Available now on Sub Pop
Christian Wargo and Casey Wescott, both of Fleet Foxes and
Crystal Skulls, along with brothers Ian and Peter Murray, debut as Poor Moon
with a mesmerizing offering of folky tunes fit for cloudy, slow-moving mornings
when a cup of tea beckons to rub off the haze of sleep. Wargo, the group’s sole
songwriter, combines the gentle folk elements of his more well known musical
endeavor with the electric, upbeat pop of Crystal Skulls, creating something
new. The Seattle-based band released the five song EP, Illusion, on
March 27 via their hometown label Sub Pop.
On “Illusion,” the title track, Wargo weaves his vocals over a stark background of lightly fingerpicked acoustic guitar and waves of reverb organ swirls. “It’s not fair/ Can I be as unaware as I seem/ Laying there like I don’t know how to prepare to be seen,” Wargo coos in self reflection. After several years of touring, traversing the obscure landscape of sudden fame and success, some soul-searching about who you are and where you want to be seems necessary. Wargo arrives at a simple, yet difficult to follow, mantra for going forward - “I want to learn to rely on what I first decide/ When the moment comes before it passes me by.”
“People in Her Mind,” the first single from Illusion, tells the story of a lonely girl living in the past, calling out the names of people she used to know. The band contrasts this sorry imagery with the jovial instrumentation of distorted guitar riffs and a dancing xylophone. In a similar vein, “Once Before” finds Poor Moon unabashedly playing simple rock and roll, albeit a bit darker and more mysterious. Wargo makes solid use of his vocal range, occasionally showing off his smooth falsetto in choruses of harmonizing oohs, that might continue humming in your head long after the music stops.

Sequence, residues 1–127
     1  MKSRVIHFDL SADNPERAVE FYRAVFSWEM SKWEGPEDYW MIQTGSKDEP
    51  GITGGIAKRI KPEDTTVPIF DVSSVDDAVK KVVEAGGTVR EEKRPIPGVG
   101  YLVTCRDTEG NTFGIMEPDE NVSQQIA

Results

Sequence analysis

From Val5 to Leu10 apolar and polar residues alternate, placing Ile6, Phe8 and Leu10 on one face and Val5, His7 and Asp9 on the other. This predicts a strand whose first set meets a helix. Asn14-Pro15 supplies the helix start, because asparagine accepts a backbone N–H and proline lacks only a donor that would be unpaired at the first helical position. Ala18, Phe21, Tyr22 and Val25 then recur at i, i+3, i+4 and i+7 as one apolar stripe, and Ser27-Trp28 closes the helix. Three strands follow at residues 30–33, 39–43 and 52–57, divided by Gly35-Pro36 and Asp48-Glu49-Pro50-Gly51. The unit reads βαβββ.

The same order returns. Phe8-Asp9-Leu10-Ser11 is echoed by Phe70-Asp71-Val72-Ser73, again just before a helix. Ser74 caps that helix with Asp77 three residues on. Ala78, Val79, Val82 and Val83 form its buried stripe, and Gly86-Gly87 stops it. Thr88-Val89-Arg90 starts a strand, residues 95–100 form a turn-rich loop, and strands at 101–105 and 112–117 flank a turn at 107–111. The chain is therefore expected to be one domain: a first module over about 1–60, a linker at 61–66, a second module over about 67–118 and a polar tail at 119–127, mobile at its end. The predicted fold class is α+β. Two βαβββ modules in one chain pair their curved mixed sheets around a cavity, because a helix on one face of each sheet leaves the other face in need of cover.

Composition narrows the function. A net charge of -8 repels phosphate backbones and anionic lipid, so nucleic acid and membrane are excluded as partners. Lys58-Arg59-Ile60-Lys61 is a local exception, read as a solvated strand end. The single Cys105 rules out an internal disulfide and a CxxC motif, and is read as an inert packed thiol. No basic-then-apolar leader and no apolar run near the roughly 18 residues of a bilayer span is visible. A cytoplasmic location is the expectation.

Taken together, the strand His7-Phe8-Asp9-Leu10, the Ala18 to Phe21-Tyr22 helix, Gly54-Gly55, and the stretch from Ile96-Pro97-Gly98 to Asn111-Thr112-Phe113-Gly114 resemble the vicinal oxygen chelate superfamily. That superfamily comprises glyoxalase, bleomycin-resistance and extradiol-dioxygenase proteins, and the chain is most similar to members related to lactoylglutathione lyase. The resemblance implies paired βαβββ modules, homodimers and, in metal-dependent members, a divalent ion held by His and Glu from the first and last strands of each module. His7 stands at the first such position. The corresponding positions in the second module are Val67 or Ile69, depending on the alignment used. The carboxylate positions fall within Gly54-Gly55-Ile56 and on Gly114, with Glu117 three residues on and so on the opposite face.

Poor Moon returns to their folkier side on the final track, “Widow,” with inventive vocal melodies blowing over a field of soothing guitar plucks. Coming in at around 15 minutes, the EP should be just enough to tide you over until the release of their first full-length album due out later this year. While comparisons to Fleet Foxes will be made, as is only obvious and natural, Illusion stands on its own as a shining example of the modern folk-rock wave of the past few years.
Ben Sauder is an Online Editorial Assistant at Ogden Publications, the parent company of Utne Reader. Find him on Google+.